Also, the murders are very creative, almost humorous. What I mean is that they are so gory and brutal, you can’t for a moment take them seriously. They are just real enough to make you gasp, and you will. For creative murders in the filmic art, you can’t beat these. I doubt that you have seen murder by vacuum cleaner, for example. Finally, the acting is better than not bad. So if you can get past some extreme violence and blood and guts, this is one of the better in the Hong Kong slasher/horror genre.

Saturday, November 05, 2011

Drive: Grade A

Drive (2011)

Ryan Gosling, Carey Mulligan, Albert Brooks, Bryan Cranston, Oscar Isaac; Director Nicolas Winding Refn.

Gosling is a young, impoverished, ex-con Hollywood stunt driver who moonlights as a getaway driver for burglaries. He befriends a single mom neighbor (Mulligan) and maybe there is a romantic interest there too, but her husband comes home from prison and it is tense. Nevertheless, when the husband gets caught in an extortion deal, the driver agrees to drive for him on one last heist, which, predictably, goes wrong. But Gosling ends up with the money so now the mob is after him and Mulligan too. He fights to freedom in several gruesomely bloody scenes, but realizes he is “no good” for the girl and drives away into the sunset (severely wounded).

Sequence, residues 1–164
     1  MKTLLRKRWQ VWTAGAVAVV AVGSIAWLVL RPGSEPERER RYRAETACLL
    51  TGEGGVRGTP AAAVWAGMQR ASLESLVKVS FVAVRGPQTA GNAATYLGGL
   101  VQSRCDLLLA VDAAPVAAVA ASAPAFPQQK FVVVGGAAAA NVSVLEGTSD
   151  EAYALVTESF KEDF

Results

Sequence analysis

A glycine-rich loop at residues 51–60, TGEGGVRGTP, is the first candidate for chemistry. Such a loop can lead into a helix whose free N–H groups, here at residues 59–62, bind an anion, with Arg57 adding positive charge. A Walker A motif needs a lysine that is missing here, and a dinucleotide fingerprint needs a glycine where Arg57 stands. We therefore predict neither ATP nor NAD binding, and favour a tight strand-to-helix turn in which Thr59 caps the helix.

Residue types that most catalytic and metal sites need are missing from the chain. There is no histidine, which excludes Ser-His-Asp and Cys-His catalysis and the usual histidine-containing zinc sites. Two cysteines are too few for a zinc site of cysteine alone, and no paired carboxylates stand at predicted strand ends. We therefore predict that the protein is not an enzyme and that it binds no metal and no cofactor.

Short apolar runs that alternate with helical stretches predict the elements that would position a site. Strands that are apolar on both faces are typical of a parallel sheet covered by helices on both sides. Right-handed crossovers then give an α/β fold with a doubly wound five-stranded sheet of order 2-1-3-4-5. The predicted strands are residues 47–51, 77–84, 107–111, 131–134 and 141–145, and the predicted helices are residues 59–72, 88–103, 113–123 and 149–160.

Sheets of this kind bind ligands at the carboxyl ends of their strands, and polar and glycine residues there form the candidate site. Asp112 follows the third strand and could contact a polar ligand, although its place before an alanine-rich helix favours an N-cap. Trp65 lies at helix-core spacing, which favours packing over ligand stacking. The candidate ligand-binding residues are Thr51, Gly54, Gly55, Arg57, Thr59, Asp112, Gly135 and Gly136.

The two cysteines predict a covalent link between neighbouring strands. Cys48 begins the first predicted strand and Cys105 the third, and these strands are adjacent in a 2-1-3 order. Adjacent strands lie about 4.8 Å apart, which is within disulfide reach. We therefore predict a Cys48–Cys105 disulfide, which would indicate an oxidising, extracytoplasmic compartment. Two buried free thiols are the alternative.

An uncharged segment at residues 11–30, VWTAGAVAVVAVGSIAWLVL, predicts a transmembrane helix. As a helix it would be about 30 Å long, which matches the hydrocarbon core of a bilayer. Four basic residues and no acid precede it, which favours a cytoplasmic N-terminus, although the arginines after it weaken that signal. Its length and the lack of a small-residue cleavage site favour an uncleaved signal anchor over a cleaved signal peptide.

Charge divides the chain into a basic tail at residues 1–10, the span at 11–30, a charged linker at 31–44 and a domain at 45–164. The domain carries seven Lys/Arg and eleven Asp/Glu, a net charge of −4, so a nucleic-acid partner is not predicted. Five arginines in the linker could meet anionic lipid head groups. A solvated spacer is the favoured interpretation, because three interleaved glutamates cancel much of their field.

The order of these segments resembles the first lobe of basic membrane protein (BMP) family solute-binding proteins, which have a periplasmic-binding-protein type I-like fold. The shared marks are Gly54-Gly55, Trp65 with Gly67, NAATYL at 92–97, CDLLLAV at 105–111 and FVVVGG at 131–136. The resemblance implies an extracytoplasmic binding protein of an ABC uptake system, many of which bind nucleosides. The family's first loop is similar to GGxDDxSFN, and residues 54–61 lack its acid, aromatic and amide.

What makes the movie good is Gosling’s very quiet performance, which I attribute to excellent directing as much as excellent acting. The book is extremely terse, with not a single spare word, and that economy is transferred to the screen in spare dialog, a perfect artistic choice. Gosling has hardly any dialog, expressing his moods and thoughts through subtle facial gestures and big dramatic actions, like decapitating a guy by repeatedly stomping on his neck. Usually, it is only mature actors who have the skill and the courage to act quietly though. It is a pleasure to watch Gosling perform. Albert Brooks, who usually grates my nerves, does a completely believable job. Mulligan has a terrible, passive role, so she doesn’t have much to do but look beautiful, which she does well.

The photography is outstanding, including the difficult inside-the-car shots, and the music is tense but not too intrusive. The director keeps the action tension very high. The car chases are not too clichéd, but at times hard to follow, like how, exactly Driver got undetected to the freeway underpass to hide from the helicopter. The cars look and sound good, too, Bullet-esque for the Mustang. The main problem is the driver’s character, which unaccountably drifts from earnest, sensitive mechanic and friend, to cold-blooded psychopathic killer. In the end, he apparently realizes his own psychopathy and that’s why he leaves town, but that doesn’t explain who he was when we met him. It’s a violent, bloody movie, not for everyone, but a thoroughly entertaining action film.